Breast augmentation is by far the most popular cosmetic surgery in the United States, as well over 300,000 breast augmentations were performed in 2011, according to the American Society of Plastic Surgeons (ASPS). But having surgery for fuller, shapelier breasts can be a painful process that takes months before the implant “drops,” or moves into a natural-looking position in the breast.

For women who are nervous about experiencing pain after breast implant surgery or simply want faster results, Botox-assisted breast augmentation might be a good option. By injecting Botox into the pectoralis major muscles, which are located behind a woman’s breasts, your plastic surgeon can actually prevent these muscles from going into spasm after the procedure. This way, patients can experience reduced pain and a quicker recovery.

Not Just for Wrinkles: Botox Soothes Breast Implant Pain

It’s common knowledge that Botox is often used in the form of injections to minimize the appearance of lines and wrinkles in a person’s face. But in February 2012, Matthew Schulman, MD, a board-certified plastic surgeon and assistant professor of plastic surgery at the Mount Sinai School of Medicine in New York City, announced the development of Botox-assisted breast augmentation to decrease the muscle pain associated with breast implants as well as the duration of the recovery process. Dr. Schulman reports that he and his patients have been satisfied with the results: “I’ve incorporated it into my normal breast augmentation technique,” he says.

How Botox-Assisted Breast Augmentation Works

Schulman explains that while recovering from a standard breast augmentation procedure, most women experience painful muscle spasms in their chest muscles. For a period, these spasms can cause the implant to sit higher in the breast than it should. Shulman developed Botox-assisted breast augmentation to speed the “drop” of the implants into a woman’s breasts.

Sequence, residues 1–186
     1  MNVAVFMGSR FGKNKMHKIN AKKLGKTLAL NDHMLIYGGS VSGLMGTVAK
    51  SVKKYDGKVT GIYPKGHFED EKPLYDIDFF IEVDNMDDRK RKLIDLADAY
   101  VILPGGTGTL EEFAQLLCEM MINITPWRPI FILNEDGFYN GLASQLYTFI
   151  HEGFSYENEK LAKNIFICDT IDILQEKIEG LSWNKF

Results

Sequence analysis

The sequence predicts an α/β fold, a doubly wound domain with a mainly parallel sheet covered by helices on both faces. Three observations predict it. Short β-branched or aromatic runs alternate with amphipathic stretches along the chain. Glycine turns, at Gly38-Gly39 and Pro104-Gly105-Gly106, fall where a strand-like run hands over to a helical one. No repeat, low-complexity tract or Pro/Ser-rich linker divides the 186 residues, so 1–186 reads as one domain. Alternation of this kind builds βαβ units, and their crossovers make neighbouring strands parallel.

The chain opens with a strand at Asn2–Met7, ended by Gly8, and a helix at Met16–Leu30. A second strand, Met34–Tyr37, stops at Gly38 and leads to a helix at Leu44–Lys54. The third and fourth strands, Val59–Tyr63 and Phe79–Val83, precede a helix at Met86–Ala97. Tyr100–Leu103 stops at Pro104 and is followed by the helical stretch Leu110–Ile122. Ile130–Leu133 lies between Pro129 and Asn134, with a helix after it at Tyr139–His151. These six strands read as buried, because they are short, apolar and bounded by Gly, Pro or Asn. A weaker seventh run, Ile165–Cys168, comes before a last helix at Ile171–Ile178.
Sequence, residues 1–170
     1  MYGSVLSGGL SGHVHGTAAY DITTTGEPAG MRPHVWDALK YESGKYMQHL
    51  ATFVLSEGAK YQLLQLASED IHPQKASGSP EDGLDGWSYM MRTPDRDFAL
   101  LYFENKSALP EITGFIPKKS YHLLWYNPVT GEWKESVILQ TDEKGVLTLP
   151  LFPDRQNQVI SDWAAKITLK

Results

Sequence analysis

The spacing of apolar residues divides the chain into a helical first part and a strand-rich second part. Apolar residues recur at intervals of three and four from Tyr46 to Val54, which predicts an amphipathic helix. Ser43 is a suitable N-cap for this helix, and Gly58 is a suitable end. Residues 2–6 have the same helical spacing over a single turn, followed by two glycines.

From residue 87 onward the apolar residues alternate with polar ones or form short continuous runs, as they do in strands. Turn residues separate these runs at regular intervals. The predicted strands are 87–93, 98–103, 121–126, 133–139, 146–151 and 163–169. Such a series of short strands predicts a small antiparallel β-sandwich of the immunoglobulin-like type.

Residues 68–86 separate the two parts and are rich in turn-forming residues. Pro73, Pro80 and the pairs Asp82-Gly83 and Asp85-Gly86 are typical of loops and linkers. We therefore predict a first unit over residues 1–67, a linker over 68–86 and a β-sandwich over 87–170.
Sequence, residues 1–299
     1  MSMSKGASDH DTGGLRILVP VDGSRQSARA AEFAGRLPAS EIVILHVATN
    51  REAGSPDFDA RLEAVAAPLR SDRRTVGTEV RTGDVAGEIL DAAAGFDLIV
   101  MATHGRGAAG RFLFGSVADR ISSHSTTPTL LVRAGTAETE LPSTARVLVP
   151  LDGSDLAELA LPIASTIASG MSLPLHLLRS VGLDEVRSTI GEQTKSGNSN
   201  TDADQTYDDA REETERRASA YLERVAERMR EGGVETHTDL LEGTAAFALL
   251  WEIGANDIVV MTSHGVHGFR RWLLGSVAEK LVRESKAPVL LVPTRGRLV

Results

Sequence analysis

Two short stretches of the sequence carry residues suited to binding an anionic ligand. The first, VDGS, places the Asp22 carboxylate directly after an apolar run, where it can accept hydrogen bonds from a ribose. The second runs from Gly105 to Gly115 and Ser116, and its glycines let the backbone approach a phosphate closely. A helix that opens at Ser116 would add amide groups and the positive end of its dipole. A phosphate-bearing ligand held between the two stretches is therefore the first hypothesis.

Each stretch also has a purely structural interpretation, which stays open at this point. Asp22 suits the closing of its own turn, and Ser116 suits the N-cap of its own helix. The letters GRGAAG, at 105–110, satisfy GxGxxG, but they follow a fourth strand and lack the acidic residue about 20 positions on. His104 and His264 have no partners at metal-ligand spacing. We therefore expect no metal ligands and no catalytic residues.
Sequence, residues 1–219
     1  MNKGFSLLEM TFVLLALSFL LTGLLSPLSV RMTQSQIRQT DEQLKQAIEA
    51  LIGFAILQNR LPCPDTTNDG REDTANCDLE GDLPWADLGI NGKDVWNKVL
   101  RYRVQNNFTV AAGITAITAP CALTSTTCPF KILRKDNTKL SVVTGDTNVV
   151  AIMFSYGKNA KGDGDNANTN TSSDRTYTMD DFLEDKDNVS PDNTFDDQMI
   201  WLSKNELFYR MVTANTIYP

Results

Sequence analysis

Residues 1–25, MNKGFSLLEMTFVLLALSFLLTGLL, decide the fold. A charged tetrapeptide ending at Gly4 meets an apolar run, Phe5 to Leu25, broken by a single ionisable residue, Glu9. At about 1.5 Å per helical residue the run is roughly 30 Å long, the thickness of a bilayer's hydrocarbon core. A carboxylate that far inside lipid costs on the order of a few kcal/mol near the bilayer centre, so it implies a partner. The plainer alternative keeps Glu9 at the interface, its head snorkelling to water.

To limit and sometimes even prevent these spasms, Schulman injects Botox into areas of the patient’s pectoralis muscles just before he inserts the breast implants beneath these muscles. Similar to how these injections work in a person’s face, the Botox blocks the action of the nerve and “prevents the pectoralis muscles from going into spasm,” says Brian Howard, MD, plastic surgeon at North Fulton Plastic Surgery in Roswell, Ga., and one of the few doctors in the United States other than Schulman who currently offers Botox-assisted breast augmentation. “Because we’ve limited that spasm, we’ve helped [the patient] control that pain,” Dr. Howard adds.

Reduced or eliminated muscle spasms allow the implants to fall into a normal position much faster than they would normally. Shulman reports that instead of waiting three to four months for the implants to drop, his patients are seeing the results they want after only six weeks.

Schulman says that the Botox does not limit or weaken a woman’s normal range of movement, nor does it completely paralyze the muscle. “I put [Botox] in exactly the areas of the muscles that I want to weaken,” says Schulman. “I don’t inject any more Botox than I would use for a heavy dose on the face. It’s well within a safe range.” If you choose to have Botox-assisted breast augmentation, you can expect the effect of the Botox to wear off about three months after surgery, which is “exactly the length of time you want it to work,” says Schulman.

Considerations Before You Ask For Botox-Assisted Breast Augmentation

Botox-assisted breast augmentation is considered an off-label use of Botox, as the Food and Drug Administration (FDA) has not yet approved the procedure. Most of the risks and complications associated with Botox-assisted breast augmentation surgery are the same as traditional breast augmentation surgery, including:

  • Pain in the breast or nipple area
  • Scar tissue formation around the implant
  • Deflation or rupture of the implant
  • Need for additional surgery

With Botox-assisted breast augmentation, Howard says that women must